Realistic Oil Paintings

Window Shaped Canvases, 2001 to 2007

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Realistic Oil Paintings
Window Shaped Canvas Statement

There is an aspect of modern life that is becoming very difficult to ignore. As our cities grow larger and more complex, individuals become increasingly anonymous and isolated. Many of us go about our daily business in a flurry of activity, brushing past one another without taking notice. Few words are ever spoken, and one can often feel more isolated moving through a crowd than if one had stayed at home. Ethel Chong describes this feeling in an essay about the films of Wong Kar Wai:

Wong's characters are very much alone in the large city environment. They are alienated from one another even though they are involved in one another's lives. There is an underlying sense of dystopia and confusion. The city is too big and life moves too fast to give each individual character space. Each character cries out to be heard. The characters want to love and be loved, and yet are so dysfunctional that they cannot do so. The urban environment forces the characters to blend in en-masse, so that individuality is forfeited. Each character has to play by the city's rules, in order to survive day by day. (accessed at http://www.kinema.uwaterloo.ca/article.php?id=130&feature, December, 2008)

The experience of urban alienation is etched on the faces of commuters, office workers, businessmen and women, labourers and homeless people. We see these individuals throughout the inner city. We see them and they see us. Through plate glass windows we stare right through each other until it feels as though there is no hope of human contact. Our frantic environment of metal and glass inserts itself between individuals. Windows give us the illusion that we are involved with one another, but it is only an illusion. If you try to call to someone on the other side of a pane of glass one half inch thick, your voice will go unnoticed.

I believe windows are a metaphor for separation and isolation in our post-modern society. The act of gazing through a window is a mediated, almost virtual way of relating to the world. The view is framed (contextualized) by the definitive edges of a casement and panes which may themselves be distorted or dirty. A window, especially one with many sections, forces us to reconstruct reality by piecing together smaller fragments until a larger picture emerges. This view, however, is always cropped and changing. If we could only stop time to create a reflective space for questions to arise, we would find many incongruities in the urban tableau before us. After some reflection, we might discover our place in the grand scheme of things. Or, perhaps we might find that alienation is an inescapable part of being human; a condition of being that goes all the way back to when we first left "The Garden". My recent paintings are an attempt to provide such a reflective space.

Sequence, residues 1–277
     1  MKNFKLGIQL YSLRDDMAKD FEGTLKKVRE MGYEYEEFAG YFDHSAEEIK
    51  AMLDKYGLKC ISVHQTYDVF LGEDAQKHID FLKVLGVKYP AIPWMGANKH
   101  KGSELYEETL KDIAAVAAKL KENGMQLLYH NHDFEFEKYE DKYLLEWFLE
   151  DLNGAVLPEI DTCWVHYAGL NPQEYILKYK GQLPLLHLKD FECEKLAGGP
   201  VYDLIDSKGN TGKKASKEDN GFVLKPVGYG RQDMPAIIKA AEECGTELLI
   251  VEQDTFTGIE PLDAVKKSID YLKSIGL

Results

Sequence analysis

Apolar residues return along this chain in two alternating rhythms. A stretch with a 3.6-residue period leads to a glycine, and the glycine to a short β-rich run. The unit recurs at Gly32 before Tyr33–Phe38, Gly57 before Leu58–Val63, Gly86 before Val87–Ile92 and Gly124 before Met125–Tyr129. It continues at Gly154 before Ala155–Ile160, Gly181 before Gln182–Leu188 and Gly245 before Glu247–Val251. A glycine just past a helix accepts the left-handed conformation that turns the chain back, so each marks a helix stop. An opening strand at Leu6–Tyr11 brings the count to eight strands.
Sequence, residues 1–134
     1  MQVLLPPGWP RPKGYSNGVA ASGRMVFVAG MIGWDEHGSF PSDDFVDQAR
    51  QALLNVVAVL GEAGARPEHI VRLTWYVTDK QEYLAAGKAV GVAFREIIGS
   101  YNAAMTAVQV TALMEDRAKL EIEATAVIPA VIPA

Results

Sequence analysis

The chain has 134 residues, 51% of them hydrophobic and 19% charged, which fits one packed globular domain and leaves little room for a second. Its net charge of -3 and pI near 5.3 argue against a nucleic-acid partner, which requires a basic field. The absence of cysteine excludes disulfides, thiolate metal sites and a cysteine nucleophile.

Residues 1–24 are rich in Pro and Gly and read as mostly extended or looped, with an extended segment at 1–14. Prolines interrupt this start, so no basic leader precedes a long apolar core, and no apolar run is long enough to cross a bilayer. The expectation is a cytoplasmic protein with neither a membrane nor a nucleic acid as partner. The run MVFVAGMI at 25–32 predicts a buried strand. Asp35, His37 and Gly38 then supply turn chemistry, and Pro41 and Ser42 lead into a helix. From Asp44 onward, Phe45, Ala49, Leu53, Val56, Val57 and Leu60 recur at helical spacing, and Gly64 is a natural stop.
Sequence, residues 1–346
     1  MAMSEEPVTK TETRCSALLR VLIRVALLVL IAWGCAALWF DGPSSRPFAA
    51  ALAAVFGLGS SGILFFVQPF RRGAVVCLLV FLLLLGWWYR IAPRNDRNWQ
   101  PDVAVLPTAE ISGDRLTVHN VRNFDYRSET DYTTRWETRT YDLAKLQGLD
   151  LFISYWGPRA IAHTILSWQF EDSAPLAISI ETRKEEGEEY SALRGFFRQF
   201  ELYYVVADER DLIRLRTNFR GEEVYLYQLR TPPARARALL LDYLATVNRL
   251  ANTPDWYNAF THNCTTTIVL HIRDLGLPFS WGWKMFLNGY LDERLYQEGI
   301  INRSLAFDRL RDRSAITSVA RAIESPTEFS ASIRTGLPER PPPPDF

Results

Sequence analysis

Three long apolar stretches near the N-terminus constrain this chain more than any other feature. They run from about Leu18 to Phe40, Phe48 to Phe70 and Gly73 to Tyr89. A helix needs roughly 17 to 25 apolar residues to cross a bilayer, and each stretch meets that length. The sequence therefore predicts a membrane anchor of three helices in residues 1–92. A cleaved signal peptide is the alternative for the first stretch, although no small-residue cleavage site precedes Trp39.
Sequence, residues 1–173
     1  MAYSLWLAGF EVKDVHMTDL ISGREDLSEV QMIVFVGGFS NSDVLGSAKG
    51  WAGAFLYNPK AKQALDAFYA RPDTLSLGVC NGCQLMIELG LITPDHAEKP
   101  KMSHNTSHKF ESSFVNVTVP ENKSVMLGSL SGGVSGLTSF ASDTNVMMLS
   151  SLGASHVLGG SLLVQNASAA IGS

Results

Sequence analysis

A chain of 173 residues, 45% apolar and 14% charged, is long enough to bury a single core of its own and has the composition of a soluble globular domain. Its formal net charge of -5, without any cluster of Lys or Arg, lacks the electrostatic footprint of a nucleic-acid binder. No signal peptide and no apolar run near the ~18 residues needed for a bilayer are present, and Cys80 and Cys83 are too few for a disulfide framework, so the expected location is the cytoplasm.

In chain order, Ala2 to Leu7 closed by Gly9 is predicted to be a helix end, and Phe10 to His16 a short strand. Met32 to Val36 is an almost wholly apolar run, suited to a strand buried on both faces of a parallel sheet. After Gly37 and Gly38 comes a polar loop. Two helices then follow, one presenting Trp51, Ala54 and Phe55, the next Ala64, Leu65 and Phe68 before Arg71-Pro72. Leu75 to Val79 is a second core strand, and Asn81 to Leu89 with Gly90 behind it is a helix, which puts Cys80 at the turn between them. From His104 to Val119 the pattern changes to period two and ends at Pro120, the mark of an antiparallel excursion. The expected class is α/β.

The deeper meaning of this body of work resides in the biblical titles that I have given each painting. Adam, the first man, sits with coffee mug in hand, suffering the indignities of one who no longer has a home. Eve, the first woman (not counting Lillith), is dressed in her wedding gown. She strains and struggles to climb a mountain of discarded consumer products in a misguided attempt to obtain her heart's desire. Cain, their son, waits anxiously behind protective bars, bricks and blinds worried about the repercussions when the world discovers what he has done to his brother. Jacob, perched on his ladder beside a ghostly white angelic figure, grapples with the expectations of a culture that is based on consumption and acquisition. Job, a good man who has had everything taken from him without provocation, sits amidst others who also suffer in one way or another. Luck and good fortune seem as fickle and as fleeting as the bus for which they wait.

Other paintings depict realistic trees and have a similar Biblical theme. In 2004 I attended a humanities conference in Waikiki, Hawaii and while walking through Ala Moana Beach Park I saw the most amazing Banyan trees, their branches cascading to the ground in sinuous, intertwining columns that seemed to epitomize the very concept of complexity. I took dozens of photos and immediately got to work when I arrived back in Calgary. The result was three multiple part paintings that represent Banyan trees at different times of the day. Waikiki was so beautiful that it seemed to me like a contemporary "Garden of Eden" and so that was the title that I gave to each painting.

The painting that depicts realistic birds is based on an incident that happened one winter when dozens of noisy Bohemian Wax Wings descended like a ravenous, marauding horde and proceeded to strip the berries from a Mountain Ash tree in my back yard. The noise was eerie, like a scene from a Hitchcock movie!

There is an interesting side note about this body of works (all except the last three paintings). In 2007, only a week into the very first showing of these paintings, the art gallery collapsed! The excessive weight of freshly fallen snow caused the roof of the Prairie Art Gallery in Grande Prairie, Alberta to fall into their main exhibit space, the very same space that housed my paintings. Thanks to the quick thinking of Gallery Director Robert Steven, the paintings were moved to a different room only minutes before the roof caved in. My paintings then spent ten days surrounded by snow and sub–zero temperatures while officials devised a plan to enter the faltering structure and rescue the artworks. For a while, they considered abandoning everything in the building and tearing it all down with a bulldozer! I couldn't help but wonder if I had somehow offended You–Know–Who with the many Biblical themes in my paintings. (Click this link to read the whole story.)

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© 2016, Terry Reynoldson